Today Food Lover's Odyssey turns three. Before anything else, I want to thank all of you for helping me get here. I truly appreciate all your visits to the site, your comments, emails and Facebook "likes." I've been able to meet and cook with so many great people as a result of this blog, and it's all thanks to you!
Besides my recipes and food stories, I hope you've enjoyed my tales of magical desserts, limoncello misadventures and meeting royalty, and thank you for making the weekly roundup of Italian food, Italy on a Plate a success. This year I've started to branch out beyond the blog by hosting a fabulous Culinary Tour to Puglia! (By the way, plenty of spots are still available for September's trip.)
I would love to hear from you about what you'd like to see, or see more of, in the upcoming year. What have been your favorite posts? What parts of Italy & France do you want to read more about? (I'll be traveling again soon and will use your input to make my travel plans.) Please let me know in the comments.
In the meantime, let's celebrate with cake! I've made a special cake from Sicily, the elaborate Cassata Siciliana. Although cannoli are probably more popular outside of the island, cassata is just as iconic of a dessert. I wonder how the popularity of both these Sicilian desserts might have been reversed if that famous line from The Godfather had been, "Leave the gun, take the cassata."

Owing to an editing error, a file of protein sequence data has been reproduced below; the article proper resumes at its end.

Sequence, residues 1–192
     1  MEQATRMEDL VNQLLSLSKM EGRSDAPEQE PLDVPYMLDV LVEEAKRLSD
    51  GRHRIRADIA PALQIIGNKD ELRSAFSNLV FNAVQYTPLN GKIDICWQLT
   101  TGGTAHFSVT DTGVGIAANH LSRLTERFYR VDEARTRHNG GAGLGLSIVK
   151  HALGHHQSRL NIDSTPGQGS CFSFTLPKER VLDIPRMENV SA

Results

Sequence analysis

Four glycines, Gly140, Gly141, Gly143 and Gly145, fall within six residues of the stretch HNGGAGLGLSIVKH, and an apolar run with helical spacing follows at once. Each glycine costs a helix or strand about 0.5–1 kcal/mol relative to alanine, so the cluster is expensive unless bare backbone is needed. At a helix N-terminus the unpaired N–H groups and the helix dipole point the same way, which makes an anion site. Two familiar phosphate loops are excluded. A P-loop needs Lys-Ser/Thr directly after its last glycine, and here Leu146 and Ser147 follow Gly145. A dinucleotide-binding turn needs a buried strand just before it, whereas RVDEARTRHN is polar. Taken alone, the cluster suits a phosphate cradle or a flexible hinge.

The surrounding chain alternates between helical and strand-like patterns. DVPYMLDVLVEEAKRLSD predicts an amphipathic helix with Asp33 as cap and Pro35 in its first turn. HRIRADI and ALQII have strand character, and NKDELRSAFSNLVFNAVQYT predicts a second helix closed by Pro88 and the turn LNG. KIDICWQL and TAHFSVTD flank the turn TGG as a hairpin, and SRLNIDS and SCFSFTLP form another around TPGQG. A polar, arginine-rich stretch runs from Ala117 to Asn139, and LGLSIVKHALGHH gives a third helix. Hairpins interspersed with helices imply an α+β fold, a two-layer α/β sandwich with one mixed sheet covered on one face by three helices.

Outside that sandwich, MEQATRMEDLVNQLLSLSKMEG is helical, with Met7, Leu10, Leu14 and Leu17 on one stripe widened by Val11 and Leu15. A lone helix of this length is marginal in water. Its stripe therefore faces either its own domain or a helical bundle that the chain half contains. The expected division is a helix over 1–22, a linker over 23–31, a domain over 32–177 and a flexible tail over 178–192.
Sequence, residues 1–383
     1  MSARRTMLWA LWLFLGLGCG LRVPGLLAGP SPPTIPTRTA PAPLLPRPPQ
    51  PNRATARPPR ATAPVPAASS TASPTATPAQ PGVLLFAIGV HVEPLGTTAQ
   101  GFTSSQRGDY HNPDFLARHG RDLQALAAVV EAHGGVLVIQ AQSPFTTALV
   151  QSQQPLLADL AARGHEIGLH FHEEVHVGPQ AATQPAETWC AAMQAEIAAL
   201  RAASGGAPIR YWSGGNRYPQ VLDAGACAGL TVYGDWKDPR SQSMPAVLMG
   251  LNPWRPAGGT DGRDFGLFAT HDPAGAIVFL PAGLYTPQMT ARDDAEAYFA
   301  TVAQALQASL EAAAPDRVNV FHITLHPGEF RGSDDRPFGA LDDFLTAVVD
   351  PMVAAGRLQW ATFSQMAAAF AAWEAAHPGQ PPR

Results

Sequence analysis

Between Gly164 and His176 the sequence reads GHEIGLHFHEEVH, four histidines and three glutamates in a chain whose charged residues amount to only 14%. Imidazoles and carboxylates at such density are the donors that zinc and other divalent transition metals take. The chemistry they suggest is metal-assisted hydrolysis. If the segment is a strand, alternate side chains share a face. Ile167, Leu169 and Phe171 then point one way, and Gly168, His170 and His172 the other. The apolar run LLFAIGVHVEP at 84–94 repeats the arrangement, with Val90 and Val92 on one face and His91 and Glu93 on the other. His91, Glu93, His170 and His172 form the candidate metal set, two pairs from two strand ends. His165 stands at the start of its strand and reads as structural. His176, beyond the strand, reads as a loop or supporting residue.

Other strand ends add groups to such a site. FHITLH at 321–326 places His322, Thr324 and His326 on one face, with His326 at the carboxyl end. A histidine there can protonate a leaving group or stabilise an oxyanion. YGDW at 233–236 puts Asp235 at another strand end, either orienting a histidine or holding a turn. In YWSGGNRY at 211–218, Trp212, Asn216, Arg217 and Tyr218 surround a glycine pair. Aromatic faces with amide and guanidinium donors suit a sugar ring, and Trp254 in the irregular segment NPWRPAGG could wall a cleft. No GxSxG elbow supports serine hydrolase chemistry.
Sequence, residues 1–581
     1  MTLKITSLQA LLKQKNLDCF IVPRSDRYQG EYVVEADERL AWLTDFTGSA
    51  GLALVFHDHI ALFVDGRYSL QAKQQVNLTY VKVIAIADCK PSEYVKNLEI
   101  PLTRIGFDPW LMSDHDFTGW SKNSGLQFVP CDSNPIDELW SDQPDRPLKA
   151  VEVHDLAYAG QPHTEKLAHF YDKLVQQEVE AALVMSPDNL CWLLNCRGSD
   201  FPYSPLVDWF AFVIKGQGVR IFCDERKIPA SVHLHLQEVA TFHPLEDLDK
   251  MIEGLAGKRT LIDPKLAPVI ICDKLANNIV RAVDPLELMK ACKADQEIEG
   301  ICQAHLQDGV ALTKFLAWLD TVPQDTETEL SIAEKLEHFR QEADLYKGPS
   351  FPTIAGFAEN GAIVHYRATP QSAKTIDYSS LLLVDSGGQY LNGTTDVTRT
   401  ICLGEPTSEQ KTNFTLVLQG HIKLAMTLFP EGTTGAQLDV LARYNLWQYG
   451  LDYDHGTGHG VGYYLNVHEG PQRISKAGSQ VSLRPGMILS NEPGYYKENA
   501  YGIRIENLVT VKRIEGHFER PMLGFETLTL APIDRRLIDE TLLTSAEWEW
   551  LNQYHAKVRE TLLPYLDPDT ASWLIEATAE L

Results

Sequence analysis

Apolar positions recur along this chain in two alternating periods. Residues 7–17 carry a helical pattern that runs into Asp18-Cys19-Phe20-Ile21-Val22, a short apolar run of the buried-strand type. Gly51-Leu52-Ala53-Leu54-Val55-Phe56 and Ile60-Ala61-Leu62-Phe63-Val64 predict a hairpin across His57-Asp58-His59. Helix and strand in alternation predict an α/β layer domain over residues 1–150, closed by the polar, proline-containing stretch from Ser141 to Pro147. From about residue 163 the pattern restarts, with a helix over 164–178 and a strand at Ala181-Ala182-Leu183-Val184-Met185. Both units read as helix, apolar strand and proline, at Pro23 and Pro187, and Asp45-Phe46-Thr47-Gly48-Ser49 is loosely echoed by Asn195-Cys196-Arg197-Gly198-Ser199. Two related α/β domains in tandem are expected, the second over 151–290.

Like cannoli, this cake uses the ricotta cream made with Sicily's spectacular sheep's milk ricotta. (There's really none better anywhere else, so if you're in Sicily you must indulge in at least one ricotta dessert). A traditional dessert of Easter so rich and sweet, it is a great way to end the long Lenten fast. The sugar overload and the Baroque decor are attributed to Sicily's Arab conquerers who brought sugar to the island. Long ago only nuns in monasteries and chefs of the rich made this cake, but now it is a standard in the pastry shops all over the island. You can also find it in pastry shops on Italy's mainland, especially in Puglia, Campania & even Sicilian pastry shops in Rome.